A successful distributed denial of service (DDoS) attack disrupts a network or server by overwhelming it with traffic from corrupted devices. This influx of malicious traffic causes the website or server to go down, meaning normal traffic can’t access it. For an organization that conducts e-commerce transactions and online sales, a DDoS attack can potentially cost millions in lost revenue.

Organizations can identify a DDoS attack by the following signs:

  • An unusual spike in traffic from one IP address or from range of IP addresses
  • A surge in traffic from one device type, Web browser version or geolocation
  • A single page or endpoint that’s surging for unexplained reasons
  • A surge in traffic that doesn’t fit normal patterns, such as during odd hours or at unusual intervals

To mitigate DDoS attacks, organizations should invest in cybersecurity measures that enable their networks to tell the difference between normal traffic and malicious traffic. 

4. Malware

Similar to phishing scams, malware is another type of cybercrime that takes many forms. Malware is broadly defined as any software that’s used for malicious or criminal intent. When malware is activated on a computer or network, it can result in:

  • Destruction or corruption of data
  • Theft of data and other sensitive information
  • Disabled hardware that can’t be accessed
  • Compromised resources
  • Gathering user activity data without their knowledge 

5. Ransomware

Ransomware is an especially dangerous variety of malware that encrypts targeted devices so that users can’t access their files, data or applications. During a ransomware attack, the malicious software will demand that payment be made by a certain deadline for the user to regain access. If the user doesn’t pay, their files remain permanently encrypted and inaccessible. The State of Ransomware 2023 report determined that the average ransomware payment is $1.5 million.   

Fighting Cybercrime

Cybercrime targets individuals, small businesses and organizations of all sizes. The FBI and other government organizations address cybercriminal activity through the combined efforts of law enforcement personnel and cybersecurity professionals. Here are examples of how they work:

  • The FBI has cyber squads that work with task force partners at each of its 56 field offices.

  • The FBI’s Cyber Action Team can be deployed to any part of the country within hours to address major cyber incidents.

  • The FBI works closely with international governing bodies to address the types of cybercrime occurring beyond U.S. borders.

  • The FBI’s Internet Crime Complaint Center (IC3) collects information from the public about cybercrime activity; the information is used to track down hackers and malicious actors.

  • The FBI’s CyWatch program monitors for cybercrime incidents 24/7.

  • In addition to installing cybersecurity safeguards, cybersecurity professionals work with organizations of all sizes to educate their employees on how to identify suspicious activity and mitigate risk.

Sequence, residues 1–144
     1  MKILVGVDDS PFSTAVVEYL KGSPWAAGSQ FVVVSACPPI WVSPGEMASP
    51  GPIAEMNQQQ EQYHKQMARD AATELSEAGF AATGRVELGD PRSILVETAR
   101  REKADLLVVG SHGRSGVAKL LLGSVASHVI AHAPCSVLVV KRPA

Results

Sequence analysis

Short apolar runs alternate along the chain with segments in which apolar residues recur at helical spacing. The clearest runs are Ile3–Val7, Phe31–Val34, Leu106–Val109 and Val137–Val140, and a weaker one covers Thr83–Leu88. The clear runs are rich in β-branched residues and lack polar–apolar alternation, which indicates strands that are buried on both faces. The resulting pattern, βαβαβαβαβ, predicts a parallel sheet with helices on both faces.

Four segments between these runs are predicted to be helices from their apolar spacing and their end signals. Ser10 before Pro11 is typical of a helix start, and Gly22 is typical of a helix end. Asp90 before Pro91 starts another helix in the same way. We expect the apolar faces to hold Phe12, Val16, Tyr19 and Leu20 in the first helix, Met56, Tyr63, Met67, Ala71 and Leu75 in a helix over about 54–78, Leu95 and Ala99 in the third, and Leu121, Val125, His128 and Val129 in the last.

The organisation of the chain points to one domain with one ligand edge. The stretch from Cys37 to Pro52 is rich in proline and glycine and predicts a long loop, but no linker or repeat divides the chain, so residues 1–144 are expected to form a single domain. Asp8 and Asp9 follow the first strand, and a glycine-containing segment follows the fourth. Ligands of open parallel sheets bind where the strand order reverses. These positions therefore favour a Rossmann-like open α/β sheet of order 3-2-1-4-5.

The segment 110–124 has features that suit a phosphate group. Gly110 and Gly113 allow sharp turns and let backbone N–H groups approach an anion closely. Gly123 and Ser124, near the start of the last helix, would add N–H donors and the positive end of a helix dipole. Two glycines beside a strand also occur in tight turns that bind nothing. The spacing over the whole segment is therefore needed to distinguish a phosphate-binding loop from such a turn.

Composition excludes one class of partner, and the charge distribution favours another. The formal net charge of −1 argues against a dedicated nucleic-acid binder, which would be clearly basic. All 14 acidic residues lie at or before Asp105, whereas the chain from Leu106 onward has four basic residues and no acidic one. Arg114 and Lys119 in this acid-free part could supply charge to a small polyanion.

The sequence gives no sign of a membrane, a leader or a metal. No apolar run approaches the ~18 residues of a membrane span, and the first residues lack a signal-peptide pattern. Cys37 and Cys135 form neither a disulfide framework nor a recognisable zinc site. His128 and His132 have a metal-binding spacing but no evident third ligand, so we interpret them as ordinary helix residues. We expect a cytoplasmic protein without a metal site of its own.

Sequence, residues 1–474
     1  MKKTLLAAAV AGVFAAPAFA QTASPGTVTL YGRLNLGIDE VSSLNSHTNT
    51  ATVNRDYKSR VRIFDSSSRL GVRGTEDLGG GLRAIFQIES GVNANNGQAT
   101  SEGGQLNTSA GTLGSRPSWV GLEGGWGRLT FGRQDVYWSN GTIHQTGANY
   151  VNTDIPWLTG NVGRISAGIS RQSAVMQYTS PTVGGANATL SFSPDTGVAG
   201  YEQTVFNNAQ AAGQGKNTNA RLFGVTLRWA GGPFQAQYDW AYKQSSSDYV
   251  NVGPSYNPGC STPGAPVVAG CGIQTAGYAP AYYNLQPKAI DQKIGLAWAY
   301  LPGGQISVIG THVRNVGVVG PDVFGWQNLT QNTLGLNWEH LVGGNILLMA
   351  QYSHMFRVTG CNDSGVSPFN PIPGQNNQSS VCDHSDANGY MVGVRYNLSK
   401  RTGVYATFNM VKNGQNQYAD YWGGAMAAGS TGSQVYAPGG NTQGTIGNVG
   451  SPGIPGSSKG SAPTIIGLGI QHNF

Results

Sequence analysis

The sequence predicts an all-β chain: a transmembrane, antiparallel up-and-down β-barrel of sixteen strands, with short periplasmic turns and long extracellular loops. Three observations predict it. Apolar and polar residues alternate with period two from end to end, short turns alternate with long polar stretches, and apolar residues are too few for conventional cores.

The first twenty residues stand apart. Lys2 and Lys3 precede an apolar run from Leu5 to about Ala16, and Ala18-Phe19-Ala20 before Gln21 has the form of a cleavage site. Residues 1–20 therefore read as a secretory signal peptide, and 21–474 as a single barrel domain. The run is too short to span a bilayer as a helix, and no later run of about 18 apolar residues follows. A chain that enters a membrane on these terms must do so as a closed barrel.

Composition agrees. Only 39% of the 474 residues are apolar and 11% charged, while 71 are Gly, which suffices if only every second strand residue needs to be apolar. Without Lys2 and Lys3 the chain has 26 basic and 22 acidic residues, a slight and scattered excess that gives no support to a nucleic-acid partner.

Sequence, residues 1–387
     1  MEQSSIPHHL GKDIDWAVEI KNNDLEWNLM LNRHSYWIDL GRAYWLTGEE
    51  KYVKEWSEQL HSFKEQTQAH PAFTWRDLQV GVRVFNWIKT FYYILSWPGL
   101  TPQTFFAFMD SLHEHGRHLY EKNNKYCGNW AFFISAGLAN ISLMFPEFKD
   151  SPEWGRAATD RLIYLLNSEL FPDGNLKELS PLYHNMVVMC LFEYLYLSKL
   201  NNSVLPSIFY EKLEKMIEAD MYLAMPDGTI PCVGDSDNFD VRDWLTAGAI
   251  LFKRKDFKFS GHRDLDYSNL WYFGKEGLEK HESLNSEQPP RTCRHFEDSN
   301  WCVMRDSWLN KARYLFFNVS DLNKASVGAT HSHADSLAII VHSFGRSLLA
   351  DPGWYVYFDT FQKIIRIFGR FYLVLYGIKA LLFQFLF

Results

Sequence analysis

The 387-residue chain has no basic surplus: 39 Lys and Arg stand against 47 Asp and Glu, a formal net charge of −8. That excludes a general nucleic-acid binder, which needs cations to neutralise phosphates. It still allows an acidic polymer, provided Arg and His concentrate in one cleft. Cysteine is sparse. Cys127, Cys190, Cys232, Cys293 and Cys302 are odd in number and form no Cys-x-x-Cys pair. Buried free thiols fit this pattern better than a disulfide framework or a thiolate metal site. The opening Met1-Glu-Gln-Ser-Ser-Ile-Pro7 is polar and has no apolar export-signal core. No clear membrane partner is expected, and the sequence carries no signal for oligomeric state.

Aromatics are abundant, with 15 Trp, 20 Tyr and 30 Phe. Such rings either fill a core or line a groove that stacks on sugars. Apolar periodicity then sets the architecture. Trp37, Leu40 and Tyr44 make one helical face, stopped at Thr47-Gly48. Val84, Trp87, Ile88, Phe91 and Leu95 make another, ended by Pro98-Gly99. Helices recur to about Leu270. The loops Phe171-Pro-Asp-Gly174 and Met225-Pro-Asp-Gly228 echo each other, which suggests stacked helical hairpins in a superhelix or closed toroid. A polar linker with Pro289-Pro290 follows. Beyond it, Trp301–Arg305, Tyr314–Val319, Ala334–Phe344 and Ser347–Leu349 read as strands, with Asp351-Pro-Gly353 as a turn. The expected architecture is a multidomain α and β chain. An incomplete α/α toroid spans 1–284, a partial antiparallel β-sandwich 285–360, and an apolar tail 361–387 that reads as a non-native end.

Join the Fight Against Cybercrime in the Criminal Justice Field

The prevalence of cybercrime and the potential damage it can do makes it a top-of-mind issue for businesses across all industries. As the FBI reports, cybercrime costs the country billions of dollars every year. Additionally, a successful cyberattack can expose a company’s proprietary information and customer data, as well as other sensitive information.

One of the best ways to learn about the many types of cybercrime and become part of the solution is through an education in criminal justice, such as the online Master of Science in Criminal Justice Administration program offered at Hilbert College Global. Graduates can qualify to become a federal special agent or  criminal investigator or pursue other exciting careers in law enforcement. The program includes coursework covering the following subjects:

  • Criminal justice administration
  • Research methods
  • Introduction to graduate statistics
  • Nature and causes of crime
  • Policing in contemporary society
  • Criminal law

Learn more about the criminal justice program at Hilbert so that you can see how it supports a career in law enforcement fighting cybercrime.

Recommended Readings

6 Criminal Justice Career Fields for Graduates

How to Become a Detective

Racial Disparities in Sentencing and Criminal Justice Reform


AAG, “The Latest 2023 Cyber Crime Statistics (Updated December 2023)”

Astra, “90+ Cyber Crime Statistics 2023: Cost, Industries & Trends”

Cisco, What Is Cybercrime?

Cloudflare, What Is a DDoS Attack?

Cofense, 10 Signs of a Phishing Email

FBI, Cyber Crime

FBI, Internet Crime Report 2022

IBM, What Is a Data Breach?

Investopedia, “6 Ways Cybercrime Impacts Business”

Norton, “Your Guide to 5 Types of Cybercrime and How to Stay Safe Online”

Sophos, The State of Ransomware 2023

Statista, Average Cost of a Data Breach in the United States From 2006 to 2023